February 15, 2012
While the purported reforms brought on by last year’s “Arab Spring” appeared to be floundering in Egypt, the Obama administration is preparing to spend hundreds of millions of dollars to advance those same reforms throughout the Islamic world.
According to a news story from Bloomberg, a “special $700 million fund” to support the “Arab Spring” is part of the State Department’s proposed $51.6 billion budget for fiscal year 2013:
The administration is proposing to trim assistance to Europe, Eurasia and Central Asia in order to bolster spending in areas given higher priority by Secretary of State Hillary Clinton. The Middle East would gain, with the creation of a special $770 million fund to support political and economic reform in the aftermath of the Arab Spring.
“This budget follows a year of transformational change in the world,” Thomas Nides, the department’s deputy secretary for management and resources, said today.
In the assessment of critics, Nides’ words simply highlight the fact that whatever good may have been accomplished in the various uprisings last year took place without special State Department funding. But the new budget also comes at a time when the political situation in Egypt is increasingly unstable. News of the “special $700 million fund” comes in the aftermath of news that the Egyptian government ispreparing to prosecute 40 individuals — including 19 Americans — for allegedly receiving foreign funds to support their involvement in the nation’s political system, without informing the government of such funding. For Americans affiliated with the International Republican Institute (IRI) and the National Democratic Institute (NDI) — organizations that have been described as “democracy-promoting groups loosely associated with America’s two major political parties” — and who may soon face legal action at the hands of the Egyptian government, the timing may be seen as particularly unfortunate. The decision to formally and substantially increase the State Department’s involvement in the “reform” process could be perceived as sending an ill-timed signal.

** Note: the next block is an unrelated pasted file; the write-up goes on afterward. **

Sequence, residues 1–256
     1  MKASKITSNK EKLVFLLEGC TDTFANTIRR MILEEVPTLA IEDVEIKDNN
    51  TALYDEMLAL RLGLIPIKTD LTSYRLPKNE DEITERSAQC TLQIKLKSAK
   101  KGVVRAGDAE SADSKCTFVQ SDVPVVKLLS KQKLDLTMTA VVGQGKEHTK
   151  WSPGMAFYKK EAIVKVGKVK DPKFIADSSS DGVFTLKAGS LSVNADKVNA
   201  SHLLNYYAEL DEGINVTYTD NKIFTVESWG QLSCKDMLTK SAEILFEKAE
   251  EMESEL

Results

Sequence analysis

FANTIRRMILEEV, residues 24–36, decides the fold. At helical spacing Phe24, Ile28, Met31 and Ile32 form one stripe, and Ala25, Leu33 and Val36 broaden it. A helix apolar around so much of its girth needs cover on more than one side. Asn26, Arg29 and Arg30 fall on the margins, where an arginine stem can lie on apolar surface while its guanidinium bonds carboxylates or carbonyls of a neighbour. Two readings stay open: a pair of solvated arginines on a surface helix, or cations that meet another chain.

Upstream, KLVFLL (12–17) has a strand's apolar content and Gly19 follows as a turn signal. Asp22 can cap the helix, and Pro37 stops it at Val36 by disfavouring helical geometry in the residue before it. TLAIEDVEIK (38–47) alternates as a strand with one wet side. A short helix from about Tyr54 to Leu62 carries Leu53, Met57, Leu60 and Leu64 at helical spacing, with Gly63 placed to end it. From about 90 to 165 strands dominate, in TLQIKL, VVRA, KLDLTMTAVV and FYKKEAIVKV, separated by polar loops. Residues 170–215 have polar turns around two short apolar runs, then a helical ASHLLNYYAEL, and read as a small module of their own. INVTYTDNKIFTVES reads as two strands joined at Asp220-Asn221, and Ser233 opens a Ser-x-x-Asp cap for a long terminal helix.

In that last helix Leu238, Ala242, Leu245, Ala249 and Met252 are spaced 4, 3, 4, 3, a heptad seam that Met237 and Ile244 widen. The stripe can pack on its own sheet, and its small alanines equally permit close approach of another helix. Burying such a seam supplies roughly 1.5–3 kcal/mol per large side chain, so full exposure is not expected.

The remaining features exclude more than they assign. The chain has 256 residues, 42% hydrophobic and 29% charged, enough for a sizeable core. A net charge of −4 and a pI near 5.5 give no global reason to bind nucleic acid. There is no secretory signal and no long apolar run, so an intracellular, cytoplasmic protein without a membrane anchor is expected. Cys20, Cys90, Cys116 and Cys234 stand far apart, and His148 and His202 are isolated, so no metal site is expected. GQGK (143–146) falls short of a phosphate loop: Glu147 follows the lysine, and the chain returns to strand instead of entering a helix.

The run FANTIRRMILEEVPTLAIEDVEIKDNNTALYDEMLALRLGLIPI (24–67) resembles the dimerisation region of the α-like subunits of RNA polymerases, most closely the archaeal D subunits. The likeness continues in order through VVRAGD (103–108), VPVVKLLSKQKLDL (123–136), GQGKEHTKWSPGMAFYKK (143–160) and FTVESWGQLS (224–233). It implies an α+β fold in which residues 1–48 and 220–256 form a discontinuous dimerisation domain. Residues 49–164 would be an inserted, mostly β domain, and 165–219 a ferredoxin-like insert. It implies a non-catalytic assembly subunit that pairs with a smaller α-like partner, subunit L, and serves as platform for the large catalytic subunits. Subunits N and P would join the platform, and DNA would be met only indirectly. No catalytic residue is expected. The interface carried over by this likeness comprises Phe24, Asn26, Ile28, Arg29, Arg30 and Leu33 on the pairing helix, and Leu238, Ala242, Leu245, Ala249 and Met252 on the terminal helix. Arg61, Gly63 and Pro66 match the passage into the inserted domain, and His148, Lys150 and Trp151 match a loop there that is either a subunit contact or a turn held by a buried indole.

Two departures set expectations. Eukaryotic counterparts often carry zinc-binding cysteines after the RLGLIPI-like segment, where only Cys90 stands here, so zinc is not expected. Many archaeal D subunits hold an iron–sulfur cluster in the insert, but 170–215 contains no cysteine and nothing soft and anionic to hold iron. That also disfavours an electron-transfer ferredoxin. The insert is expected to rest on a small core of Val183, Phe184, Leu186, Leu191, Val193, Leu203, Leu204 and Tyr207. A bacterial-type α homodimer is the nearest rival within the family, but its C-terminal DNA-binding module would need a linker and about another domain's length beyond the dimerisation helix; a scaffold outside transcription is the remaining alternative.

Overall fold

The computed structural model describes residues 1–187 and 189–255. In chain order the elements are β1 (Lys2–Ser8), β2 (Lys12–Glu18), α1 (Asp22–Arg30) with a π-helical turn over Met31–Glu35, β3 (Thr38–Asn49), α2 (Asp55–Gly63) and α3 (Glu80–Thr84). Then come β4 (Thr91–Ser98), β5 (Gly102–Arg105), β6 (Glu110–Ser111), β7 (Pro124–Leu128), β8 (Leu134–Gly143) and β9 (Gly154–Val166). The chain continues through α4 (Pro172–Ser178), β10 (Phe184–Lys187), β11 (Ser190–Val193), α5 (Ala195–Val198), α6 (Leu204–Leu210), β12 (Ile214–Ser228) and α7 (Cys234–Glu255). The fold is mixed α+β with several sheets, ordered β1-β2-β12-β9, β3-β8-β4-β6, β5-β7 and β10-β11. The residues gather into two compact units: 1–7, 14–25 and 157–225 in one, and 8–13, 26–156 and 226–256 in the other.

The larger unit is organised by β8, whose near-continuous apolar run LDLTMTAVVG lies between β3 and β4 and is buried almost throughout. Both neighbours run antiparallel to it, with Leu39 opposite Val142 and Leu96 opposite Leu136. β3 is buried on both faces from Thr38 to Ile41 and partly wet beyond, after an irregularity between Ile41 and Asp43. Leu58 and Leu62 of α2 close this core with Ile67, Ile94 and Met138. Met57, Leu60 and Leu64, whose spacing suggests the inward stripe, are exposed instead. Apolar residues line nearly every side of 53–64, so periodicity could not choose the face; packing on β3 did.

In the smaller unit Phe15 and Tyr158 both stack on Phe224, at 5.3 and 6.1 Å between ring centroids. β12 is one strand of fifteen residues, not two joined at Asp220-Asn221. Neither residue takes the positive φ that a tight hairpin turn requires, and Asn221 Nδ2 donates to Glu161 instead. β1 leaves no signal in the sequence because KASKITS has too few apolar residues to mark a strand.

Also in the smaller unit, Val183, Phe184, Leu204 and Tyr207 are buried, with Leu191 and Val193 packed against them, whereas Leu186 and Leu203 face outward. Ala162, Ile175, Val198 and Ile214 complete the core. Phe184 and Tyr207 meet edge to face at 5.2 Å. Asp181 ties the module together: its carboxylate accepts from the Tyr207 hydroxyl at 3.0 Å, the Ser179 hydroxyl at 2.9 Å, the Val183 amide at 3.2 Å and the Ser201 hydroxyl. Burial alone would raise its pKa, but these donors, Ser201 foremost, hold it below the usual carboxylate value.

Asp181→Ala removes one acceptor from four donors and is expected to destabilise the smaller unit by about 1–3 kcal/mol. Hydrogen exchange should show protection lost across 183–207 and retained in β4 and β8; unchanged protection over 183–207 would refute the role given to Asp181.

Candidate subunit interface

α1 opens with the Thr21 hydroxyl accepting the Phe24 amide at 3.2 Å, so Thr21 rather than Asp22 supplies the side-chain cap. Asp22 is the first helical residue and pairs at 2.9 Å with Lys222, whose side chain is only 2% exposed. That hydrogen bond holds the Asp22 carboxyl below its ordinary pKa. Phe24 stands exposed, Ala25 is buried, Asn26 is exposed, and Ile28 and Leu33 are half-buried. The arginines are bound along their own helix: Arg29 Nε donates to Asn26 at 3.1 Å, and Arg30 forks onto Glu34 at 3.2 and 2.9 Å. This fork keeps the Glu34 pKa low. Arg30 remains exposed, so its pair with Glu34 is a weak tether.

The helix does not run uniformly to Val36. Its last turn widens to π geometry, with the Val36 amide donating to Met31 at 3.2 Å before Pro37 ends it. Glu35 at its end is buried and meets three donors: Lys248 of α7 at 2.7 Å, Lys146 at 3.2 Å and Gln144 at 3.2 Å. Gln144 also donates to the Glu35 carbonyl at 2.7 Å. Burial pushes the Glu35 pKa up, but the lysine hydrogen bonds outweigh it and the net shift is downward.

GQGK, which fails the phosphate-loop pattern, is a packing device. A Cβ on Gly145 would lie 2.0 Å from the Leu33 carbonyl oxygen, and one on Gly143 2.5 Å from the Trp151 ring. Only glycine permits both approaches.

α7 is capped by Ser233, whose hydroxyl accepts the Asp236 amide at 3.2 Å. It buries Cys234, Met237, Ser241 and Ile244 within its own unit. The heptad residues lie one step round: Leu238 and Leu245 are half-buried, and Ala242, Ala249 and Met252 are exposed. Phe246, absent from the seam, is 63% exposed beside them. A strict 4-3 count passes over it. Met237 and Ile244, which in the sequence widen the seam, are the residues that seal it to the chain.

This article was posted: Wednesday, February 15, 2012 at 4:24 am